". . . But the past does not exist independently from the present. Indeed, the past is only past because there is a present, just as I can point to something over there only because I am here. But nothing is inherently over there or here. In that sense, the past has no content. The past -- or more accurately, pastness -- is a position. Thus, in no way can we identify the past as past." p. 15

". . . But we may want to keep in mind that deeds and words are not as distinguishable as often we presume. History does not belong only to its narrators, professional or amateur. While some of us debate what history is or was, others take it into their own hands." p. 153

Silencing the Past: Power and the Production of History (1995) by Michel-Rolph Trouillot

Sunday, November 21, 2010

A Change in the Weather

Today: "Good Weather for Hunting!"

Too cold for the fish maybe.

The C'town harbor ducks and geese are remarkably quiet this morning.

We had dinner last night with lovely, intelligent, accomplished, talented people from the College, hosted by the provost and his delightful interior designer wife.  Thus it is probably needless to mention their home is beautiful.  It is necessary, however, to include the information there are also four cats, one of which has three legs. The party was eager to hear accounts of viewing Guare's A Free Man of Color; one of the other guests is an experimental playwrite, a man of color and the the head of WC's drama department; our hosts brought him to WC from Atlanta when they came to WC, and have tickets to see A Free Man of Color during the Thanksgiving weekend. For me personally, besides the costumes, which everyone loves and praises, the most interesting thing about the play was seeing all these historical characters personated on stage: Jacques Cornet! James Monroe! Thomas Jefferson! Toussaint Louverture! Merriwether Lewis! Robert Livingston! Tallyrand -- who I can never now picture as other than John Malkovich due to the Napoleon miniseries!  Ben Brantley demonstrated in his panning with the faintest of praise that the content of the play went over his head entirely.   The Capeman too, was entirely over his head, which his assessment of that history has already proven wrong.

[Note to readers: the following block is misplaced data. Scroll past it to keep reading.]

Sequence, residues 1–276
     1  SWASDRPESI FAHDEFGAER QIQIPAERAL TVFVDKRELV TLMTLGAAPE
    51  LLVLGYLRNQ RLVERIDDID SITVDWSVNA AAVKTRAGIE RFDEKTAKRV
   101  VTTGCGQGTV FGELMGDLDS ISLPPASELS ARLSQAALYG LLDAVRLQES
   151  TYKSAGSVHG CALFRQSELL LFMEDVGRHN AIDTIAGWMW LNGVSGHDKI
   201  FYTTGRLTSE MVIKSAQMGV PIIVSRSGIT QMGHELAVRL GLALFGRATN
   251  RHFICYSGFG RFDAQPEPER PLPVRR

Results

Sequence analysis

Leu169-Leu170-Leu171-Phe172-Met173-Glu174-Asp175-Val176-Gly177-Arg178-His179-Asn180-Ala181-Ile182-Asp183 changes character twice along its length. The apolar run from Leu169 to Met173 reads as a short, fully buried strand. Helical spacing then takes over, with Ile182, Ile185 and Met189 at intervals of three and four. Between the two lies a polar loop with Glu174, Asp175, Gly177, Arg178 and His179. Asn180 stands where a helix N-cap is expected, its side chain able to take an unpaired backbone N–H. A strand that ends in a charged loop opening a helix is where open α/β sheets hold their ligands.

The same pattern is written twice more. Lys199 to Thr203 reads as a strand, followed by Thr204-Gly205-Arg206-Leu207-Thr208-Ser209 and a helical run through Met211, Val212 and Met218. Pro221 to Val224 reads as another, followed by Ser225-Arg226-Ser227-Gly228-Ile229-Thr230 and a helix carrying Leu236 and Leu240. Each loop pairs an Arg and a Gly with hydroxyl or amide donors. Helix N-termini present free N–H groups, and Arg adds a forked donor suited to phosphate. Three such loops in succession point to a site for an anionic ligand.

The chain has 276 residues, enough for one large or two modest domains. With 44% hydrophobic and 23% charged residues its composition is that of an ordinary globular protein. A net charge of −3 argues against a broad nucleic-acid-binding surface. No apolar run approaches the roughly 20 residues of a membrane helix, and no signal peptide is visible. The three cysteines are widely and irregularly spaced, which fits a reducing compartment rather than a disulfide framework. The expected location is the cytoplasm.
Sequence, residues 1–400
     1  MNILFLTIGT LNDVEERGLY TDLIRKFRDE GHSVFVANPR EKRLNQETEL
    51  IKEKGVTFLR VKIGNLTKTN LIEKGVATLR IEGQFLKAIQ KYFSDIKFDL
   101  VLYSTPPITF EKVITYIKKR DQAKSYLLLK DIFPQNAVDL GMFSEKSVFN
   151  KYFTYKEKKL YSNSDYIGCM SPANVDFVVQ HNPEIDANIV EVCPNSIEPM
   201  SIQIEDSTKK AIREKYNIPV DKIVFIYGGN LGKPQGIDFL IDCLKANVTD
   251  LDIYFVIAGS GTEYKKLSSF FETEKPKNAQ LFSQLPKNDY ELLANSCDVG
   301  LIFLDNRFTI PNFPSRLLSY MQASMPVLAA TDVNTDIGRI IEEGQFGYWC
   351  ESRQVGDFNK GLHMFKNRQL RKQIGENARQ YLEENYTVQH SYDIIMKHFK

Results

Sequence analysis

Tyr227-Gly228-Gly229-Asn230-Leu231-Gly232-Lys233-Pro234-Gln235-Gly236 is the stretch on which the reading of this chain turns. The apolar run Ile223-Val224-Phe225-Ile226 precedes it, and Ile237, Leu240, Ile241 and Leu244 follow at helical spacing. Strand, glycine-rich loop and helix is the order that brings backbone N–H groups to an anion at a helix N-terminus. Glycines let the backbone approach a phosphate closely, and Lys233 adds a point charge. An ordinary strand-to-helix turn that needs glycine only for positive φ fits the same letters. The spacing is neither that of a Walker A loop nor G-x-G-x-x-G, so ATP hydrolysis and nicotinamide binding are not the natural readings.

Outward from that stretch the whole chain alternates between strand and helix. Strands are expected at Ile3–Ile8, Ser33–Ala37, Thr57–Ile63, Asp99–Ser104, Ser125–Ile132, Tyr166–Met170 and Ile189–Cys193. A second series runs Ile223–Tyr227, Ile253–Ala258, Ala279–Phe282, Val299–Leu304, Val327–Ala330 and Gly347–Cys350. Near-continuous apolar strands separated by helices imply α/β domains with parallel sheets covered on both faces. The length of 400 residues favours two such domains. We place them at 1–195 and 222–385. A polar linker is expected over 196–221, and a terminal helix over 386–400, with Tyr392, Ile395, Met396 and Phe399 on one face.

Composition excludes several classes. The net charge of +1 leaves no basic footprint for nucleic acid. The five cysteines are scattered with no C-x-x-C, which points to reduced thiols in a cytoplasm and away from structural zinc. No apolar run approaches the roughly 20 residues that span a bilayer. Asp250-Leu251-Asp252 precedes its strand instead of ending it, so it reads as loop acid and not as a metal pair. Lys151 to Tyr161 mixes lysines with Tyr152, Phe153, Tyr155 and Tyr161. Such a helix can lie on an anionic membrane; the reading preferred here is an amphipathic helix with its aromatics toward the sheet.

There was a rainbow ring around the so full as to be full moon in a mostly clear sky. Yes, another beautiful night on the Eastern Shore, followed by yet another beautiful day.

So I spoil the mood by considering how, in light of the history of the Adams-Clay vs. Jackson-Van Bruen presidential election of 1828, the total cluelessness of the Adams and Clay people when faced by these extremely politically talented people, that indeed the unspeakable sp will be POTUS in a couple of years.  My one hope is that she will peak too early.  Nor am I certain she's got a Van Bruen political wizard to run things for her -- they are most secretive, according to the NY Times magazine this AM.  We do know she's cowed Rove, whose star appears to have dimmed.  His time blazed and is now finished.

But, she adds out of profound gloom, this only means she'll be replaced by someone even worse, who will win.  Certainly the confederates believe they've risen again -- and they never lost in the first place. * 

* For another nonsensical alternate history Civil War scenario go to salon dot com today.  This guy's supposedly a prof of Civil War history, and he came up with this?  Plus, he's so unoriginal that you can see the content of TN Coate's blog entries and the posts of his well-informed commentators all over this pastiche of sillyness written by this fellow so appropriately named Glenn W. Lafantasie. This is the sort of thing that makes one speculate, "Hmmmm.  On the internet nobody knows you're a dog."


K. said...

SP's unfavorables are too high for her to get elected president. My pollster brother tells me that a challenger's unfavorables are almost impossible to lower, but they can be raised.

She'd be more polished than in 2008 and is very cunning, but she doesn't have the presence independent voters require in a candidate. Independents won't respond well to the sheltering and limited access.

Plus, she'd have to run a better campaign than Barack Obama, and he's already proven that he's one of the best ever at that. There are very few instances of the best campaign losing a presidential election. In the TV era, Bush 2000 is the only one I can think of.

Foxessa said...

Judging by the mid-term campaigns, neither Obama nor his party were any good at running campaigns. It really looks like they were a one-shot fizzle, judging by the mid-terms.

That's what people said too, about Andrew Jackson. Even Jefferson declared that Jackson was too dangerous to be allowed to be POTUS. The Adams people snickered and wrote letters congratulating themselves that the opposition had picked such an unelectable. What did Van Buren do with that? Sent out to the world that Jefferson supported Jackson. Who got elected by such a margin that Adams-Clay were left with dust -- and Clay, was the consumate campaigner ....

Love, C.